Opinion | April 5, 2021
Will the Fashion Industry Ever Truly Be Sustainable?
Will the fashion industry ever truly be sustainable?
This question has launched me into a whirlwind of research, sparking a quest to fully understand the clothing industry’s impact on the environment. I wondered how I could make a change.
It is hard, and conflicting, to love and work in an industry that persistently places a negative impact on the environment. The clothing industry is the oldest in the world, yet the meaning and need for it have changed drastically since the industrial revolution, and even more so since the 1960’s when fast fashion was first introduced to the world. Since then, fashion truly has become increasingly about a quick means of self-expression, as opposed to simply clothing our bodies.
Nonetheless, the need for clothing will never cease, and consumerism is not likely to subside anytime soon. So what do we do now? How do we address sustainability in a fast-paced consumer world? My first instinct was to tap out of the fashion world entirely. I thought: if I stop production entirely from my end, I am at least not creating any waste, or encouraging unnecessary buying. I quickly realised the naiveté of that thought: in a vast industry, my production of 100 pieces was hardly going to change the world. People will never stop buying clothes, so I suppose then the solution, rather, would be to give people better alternatives to what they are already buying. And so deeper into my research I delved.
Deleting the footprint
One of the first things to come up in research was the concept of the carbon footprint--the total amount of greenhouse gases (including carbon dioxide and methane) generated by our actions. I looked into how to reduce this and, instead, was introduced by a friend to the idea of carbon offsetting. This allows you to take actions that would, in a sense, delete the footprint you initially created.
It was important to combat and consider the issue from several angles, as it can be easy to neglect part of the process, mostly because it's hard to find a solution. A bit of a pickle. From managing and reducing waste during the prototyping stage, to production, all the way through to the packaging, so many details need to be considered. As with anything complex, step-by-step is the way to go. I thought, perhaps, it was best to be minimal: create essential pieces that won't really go out of fashion, something that can be worn for years and still keep its merit. But this also implied higher quality garments. The path was riddled with obstacles to keep processes ethical and sustainable. Is there child labour? Underpaid workers? Inhumane work conditions? Questions I needed answers to ASAP before I could even ask about the sustainability of the process. What good is a green garment with an unethical background?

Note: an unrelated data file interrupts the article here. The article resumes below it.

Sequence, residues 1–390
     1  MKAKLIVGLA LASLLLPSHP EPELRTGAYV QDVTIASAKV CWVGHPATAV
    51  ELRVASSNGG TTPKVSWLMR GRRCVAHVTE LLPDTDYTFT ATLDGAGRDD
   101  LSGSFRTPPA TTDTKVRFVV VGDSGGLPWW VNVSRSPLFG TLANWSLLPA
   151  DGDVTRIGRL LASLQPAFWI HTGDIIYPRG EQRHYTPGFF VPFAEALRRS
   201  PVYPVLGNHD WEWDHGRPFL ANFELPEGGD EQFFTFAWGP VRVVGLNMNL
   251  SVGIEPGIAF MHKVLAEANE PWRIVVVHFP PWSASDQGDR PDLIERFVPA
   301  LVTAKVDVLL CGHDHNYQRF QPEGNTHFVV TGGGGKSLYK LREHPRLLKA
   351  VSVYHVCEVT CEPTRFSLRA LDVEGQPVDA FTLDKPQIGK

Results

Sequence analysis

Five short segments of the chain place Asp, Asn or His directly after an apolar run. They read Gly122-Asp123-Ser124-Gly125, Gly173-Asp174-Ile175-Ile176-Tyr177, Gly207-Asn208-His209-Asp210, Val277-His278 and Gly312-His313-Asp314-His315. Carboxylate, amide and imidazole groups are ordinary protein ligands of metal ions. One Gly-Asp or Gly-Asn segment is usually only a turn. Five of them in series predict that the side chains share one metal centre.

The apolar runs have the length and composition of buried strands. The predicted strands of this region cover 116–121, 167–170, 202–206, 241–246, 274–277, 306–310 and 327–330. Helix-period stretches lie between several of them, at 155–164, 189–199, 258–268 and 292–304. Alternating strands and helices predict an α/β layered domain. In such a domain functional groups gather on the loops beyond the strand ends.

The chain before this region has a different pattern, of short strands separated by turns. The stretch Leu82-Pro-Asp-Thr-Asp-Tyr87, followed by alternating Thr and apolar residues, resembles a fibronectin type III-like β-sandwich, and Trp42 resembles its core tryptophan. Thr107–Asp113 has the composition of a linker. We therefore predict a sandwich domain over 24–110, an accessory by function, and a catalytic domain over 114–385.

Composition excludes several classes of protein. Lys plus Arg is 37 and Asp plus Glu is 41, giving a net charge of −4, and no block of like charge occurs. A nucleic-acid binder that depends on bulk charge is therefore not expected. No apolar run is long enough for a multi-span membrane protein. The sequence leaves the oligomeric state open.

Eventually I needed to ask questions about the cotton, and further understand the relation between cotton and water consumption and how cotton is perhaps not really sustainable at all--unless it's recycled. Which is what I ended up opting for. What a beautiful thing; cotton made of other bits of factory scrap and second-hand cotton clothing. Full circle. Ethical production, check. Recycled cotton, check. Now it comes down to shipping, which is where most of the carbon footprint comes from and why we really need to care about carbon offsetting.
An apology to the environment
So back to that. How can we make an exchange with the environment, send an apology letter for all the factory and shipping gases we just created and released into the air? What does the world need for all the living beings on this planet to be healthy, living beings? The answer is so simple. Trees. Plant more trees. An essential link in this whole production. The way to close the whole loop. If I can get a consumer to choose this product instead of a similar, less sustainable product, then I will plant one tree on behalf of each person, to offset the impact of each product.
It all sounds great and logical. However, getting the message across was harder than I had anticipated. Regulations about advertising charitable causes locally, and with the online payment gateway, meant the message had to be spread through word of mouth, and engraved deeper in the branding of the item rather than simply being talked about. Just another challenge to go through and overcome. I can't say for sure that this is the perfect approach, I mentioned earlier having felt naive, thinking I could change the industry by stopping my own small production. I also mentioned how conflicted I feel towards the whole cycle. And still do. Perhaps always will. It's a matter of putting the effort in and moving further and further along a more sustainable path.
So here we are. For the sake of the earth, the planet and the greater good: we talk about it, we educate, we inform, and we hope that in return it all amounts to something for the environment.